So we’re back for some more Coastline explorations. We’re doing a three week house-sit in Walton-Le-Dale, near Preston and hoping to walk a good chunk of the Lancashire coastal path while we’re here.
Today’s walk involved a drive and park up in Formby (free parking at the Train Station), then a short train ride to Seaforth (luckily no strikes today)!!… where we set off from the ‘Port of Liverpool.’ Not such a glamorous start with the heavily equipped docks and some main road walking, plus it was grey, windy and wet. Put it this way, it could only get better!
And before very long it did …. we were signposted to Crosby Beach and promenade – fabulous expanse of sand, easy walking promenade and best of all, the Anthony Gormley sculpture installation named ‘Another Place.’ I have wanted to visit this for years so very pleased that this featured in today’s walk.
Another Place consists of 100 cast-iron, life-size figures spread out along three kilometres of the foreshore, stretching almost one kilometre out to sea. It is such a spectacular sight.
The Another Place figures – each one weighing 650 kilos – are made from casts of the artist’s own body standing on the beach, all of them looking out to sea, staring at the horizon in silent expectation.
There is absolutely no doubt that these 100 figures are of the male variety – the artist leaves nothing to the imagination!!
According to Antony Gormley, Another Place harnesses the ebb and flow of the tide to explore man’s relationship with nature. He explains: The seaside is a good place to do this. Here time is tested by tide, architecture by the elements and the prevalence of sky seems to question the earth’s substance. In this work human life is tested against planetary time. This sculpture exposes to light and time the nakedness of a particular and peculiar body. It is no hero, no ideal, just the industrially reproduced body of a middle-aged man trying to remain standing and trying to breathe, facing a horizon busy with ships moving materials and manufactured things around the planet.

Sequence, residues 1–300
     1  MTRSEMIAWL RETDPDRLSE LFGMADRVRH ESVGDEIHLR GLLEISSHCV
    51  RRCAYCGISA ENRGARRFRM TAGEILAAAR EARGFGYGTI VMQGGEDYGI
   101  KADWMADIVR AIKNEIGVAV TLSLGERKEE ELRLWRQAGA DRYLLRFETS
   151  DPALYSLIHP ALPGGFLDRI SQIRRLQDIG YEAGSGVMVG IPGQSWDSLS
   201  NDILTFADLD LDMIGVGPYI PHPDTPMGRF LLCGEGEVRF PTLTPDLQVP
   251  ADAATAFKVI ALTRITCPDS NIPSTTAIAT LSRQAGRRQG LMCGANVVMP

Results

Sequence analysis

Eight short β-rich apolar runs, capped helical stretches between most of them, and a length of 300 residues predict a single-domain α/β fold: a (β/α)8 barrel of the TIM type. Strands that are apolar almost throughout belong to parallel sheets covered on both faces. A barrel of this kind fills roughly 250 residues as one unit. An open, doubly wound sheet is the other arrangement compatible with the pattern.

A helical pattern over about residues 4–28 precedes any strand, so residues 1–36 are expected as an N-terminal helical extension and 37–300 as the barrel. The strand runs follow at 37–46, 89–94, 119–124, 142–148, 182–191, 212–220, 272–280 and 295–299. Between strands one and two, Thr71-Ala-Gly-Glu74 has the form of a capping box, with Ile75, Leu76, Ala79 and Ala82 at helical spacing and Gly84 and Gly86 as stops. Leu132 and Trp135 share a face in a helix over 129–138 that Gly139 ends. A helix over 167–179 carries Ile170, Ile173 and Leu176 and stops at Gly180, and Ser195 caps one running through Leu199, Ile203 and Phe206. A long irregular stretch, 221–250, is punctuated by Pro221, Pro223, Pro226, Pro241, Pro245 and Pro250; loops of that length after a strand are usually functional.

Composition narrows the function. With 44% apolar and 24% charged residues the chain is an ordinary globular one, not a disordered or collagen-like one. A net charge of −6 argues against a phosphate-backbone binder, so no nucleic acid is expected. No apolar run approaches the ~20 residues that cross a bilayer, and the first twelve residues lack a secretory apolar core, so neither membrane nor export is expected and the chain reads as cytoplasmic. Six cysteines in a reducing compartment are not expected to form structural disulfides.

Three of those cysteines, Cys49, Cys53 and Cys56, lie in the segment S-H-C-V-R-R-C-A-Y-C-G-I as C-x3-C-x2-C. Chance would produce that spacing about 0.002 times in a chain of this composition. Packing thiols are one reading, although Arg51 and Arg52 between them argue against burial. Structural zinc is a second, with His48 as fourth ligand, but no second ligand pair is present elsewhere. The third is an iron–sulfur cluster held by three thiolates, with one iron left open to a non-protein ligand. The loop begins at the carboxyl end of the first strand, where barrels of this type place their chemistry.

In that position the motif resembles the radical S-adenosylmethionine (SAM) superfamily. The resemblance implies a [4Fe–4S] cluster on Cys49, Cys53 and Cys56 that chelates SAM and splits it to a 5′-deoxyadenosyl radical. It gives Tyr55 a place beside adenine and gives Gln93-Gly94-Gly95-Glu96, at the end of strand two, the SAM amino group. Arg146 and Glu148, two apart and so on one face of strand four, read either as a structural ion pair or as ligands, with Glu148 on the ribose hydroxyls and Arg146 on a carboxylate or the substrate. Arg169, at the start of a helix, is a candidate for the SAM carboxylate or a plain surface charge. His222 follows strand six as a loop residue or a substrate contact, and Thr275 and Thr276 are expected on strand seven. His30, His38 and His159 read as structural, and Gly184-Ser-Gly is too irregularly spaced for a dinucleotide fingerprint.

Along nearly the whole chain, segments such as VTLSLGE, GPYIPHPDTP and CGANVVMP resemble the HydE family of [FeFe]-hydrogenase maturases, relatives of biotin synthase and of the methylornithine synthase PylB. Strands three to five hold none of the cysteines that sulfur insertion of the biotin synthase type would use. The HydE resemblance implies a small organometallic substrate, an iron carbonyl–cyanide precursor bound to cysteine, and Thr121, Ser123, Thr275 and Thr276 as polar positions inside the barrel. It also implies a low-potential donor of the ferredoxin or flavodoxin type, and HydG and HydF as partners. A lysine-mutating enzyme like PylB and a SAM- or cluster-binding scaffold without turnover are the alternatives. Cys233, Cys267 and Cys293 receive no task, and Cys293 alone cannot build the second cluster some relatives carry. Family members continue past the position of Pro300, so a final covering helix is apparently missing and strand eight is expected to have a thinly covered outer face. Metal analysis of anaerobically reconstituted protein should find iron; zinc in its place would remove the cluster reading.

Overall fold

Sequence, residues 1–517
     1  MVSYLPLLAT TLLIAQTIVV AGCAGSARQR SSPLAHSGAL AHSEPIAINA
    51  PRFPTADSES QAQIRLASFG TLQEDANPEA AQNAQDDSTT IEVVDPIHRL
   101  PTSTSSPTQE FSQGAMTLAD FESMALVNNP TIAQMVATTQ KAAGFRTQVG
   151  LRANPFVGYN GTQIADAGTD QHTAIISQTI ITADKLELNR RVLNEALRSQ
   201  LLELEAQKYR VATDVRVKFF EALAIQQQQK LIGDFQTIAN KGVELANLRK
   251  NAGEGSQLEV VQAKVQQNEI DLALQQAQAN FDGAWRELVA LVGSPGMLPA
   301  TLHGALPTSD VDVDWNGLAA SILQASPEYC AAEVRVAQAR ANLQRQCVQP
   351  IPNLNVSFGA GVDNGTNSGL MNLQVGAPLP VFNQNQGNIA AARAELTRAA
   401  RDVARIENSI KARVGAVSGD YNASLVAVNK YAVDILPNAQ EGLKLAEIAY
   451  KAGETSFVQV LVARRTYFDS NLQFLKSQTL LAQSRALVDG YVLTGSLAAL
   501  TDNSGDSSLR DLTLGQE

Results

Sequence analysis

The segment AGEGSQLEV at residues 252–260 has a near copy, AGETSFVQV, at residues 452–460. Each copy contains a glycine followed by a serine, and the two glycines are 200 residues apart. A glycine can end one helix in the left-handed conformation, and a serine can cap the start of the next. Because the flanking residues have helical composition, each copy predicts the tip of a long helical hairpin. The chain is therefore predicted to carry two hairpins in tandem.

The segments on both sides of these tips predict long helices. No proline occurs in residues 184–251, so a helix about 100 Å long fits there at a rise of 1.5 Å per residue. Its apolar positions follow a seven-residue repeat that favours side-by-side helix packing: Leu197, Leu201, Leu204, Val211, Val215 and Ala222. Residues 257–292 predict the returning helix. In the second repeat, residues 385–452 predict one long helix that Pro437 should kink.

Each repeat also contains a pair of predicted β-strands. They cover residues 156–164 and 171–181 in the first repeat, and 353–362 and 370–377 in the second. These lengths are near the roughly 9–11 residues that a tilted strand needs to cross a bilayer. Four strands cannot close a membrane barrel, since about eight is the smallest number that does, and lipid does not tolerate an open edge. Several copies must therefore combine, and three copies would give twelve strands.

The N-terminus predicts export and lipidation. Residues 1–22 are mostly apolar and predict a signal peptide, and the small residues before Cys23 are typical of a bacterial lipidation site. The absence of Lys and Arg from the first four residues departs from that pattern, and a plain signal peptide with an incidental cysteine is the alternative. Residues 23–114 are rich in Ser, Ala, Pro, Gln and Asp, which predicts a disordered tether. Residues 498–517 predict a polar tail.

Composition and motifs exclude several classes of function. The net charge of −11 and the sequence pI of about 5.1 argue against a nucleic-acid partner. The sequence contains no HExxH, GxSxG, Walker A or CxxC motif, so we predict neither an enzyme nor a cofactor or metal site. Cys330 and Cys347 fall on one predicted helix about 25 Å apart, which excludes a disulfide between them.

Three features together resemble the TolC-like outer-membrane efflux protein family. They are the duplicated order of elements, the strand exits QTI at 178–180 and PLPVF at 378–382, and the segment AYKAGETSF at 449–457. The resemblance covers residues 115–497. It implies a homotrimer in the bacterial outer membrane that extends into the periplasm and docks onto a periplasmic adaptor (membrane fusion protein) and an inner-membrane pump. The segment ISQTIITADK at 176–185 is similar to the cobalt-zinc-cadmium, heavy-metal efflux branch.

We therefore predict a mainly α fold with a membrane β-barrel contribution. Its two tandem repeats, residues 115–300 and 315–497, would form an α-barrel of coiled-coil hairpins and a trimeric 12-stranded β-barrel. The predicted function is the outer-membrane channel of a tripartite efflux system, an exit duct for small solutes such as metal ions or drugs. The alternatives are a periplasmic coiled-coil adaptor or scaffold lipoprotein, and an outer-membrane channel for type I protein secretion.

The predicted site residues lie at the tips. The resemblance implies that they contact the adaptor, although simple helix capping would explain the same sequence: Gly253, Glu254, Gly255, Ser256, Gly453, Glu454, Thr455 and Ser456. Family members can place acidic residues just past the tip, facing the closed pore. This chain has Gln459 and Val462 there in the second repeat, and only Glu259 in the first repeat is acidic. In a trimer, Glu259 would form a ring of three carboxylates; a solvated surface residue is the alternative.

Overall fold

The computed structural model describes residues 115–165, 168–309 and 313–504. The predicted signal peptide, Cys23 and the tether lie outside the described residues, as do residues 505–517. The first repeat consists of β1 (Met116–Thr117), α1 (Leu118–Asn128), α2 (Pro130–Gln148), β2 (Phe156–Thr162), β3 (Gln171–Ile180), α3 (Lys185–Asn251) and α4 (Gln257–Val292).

Whatever the reasons behind this piece of work, it is magnificent … and I highly recommend a visit.
As well as enjoying this beautiful stretch of beach and cultural interest, the sun came out to play too … albeit with a chilly wind.
After leaving the flat sands, the coastal path took us into some undulating sand dunes … not too bad though … pretty firm underfoot and pretty mild on the ascent/descent front – bliss in comparison to some horrific sand dunes we’ve encountered over the years.
The last stretch was a very long straight flat path, running between a military camp/firing range and the railway line. Occasional trains whizzing by and some loud activity from the firing range. We were certainly left in no doubt about the dangers … signs all along the path read “Do not touch any Military Debris. It may explode and kill you.” Message received loud and clear.
After 8 miles of walking we reached our destination in Formby. We hadn’t seen one cafe on the whole stretch so were parched and hungry. We’d only encountered one toilet block too and at 40p a pee (Steve edit ha ha!) we managed a little grumble!! So it was off to find a bite to eat.
So an easy first day. We’re here for 21 days but only intending to walk about 10 of those days. We had hoped to do Morecambe Bay but unfortunately it’s not accessible at this time of the year. We’ll be spending some days running, relaxing, National Trust visits … and there’s plenty of dog walking to do. We’re looking after two little dogs who are full of fun and character – Charlie and Billy – I have fallen madly in love with them. We have a cat called Ella to look after too but she is so low maintenance in comparison – she doesn’t get a look in with the lively boys!
Happy Tuesday evening everyone – so happy to be back out on that path!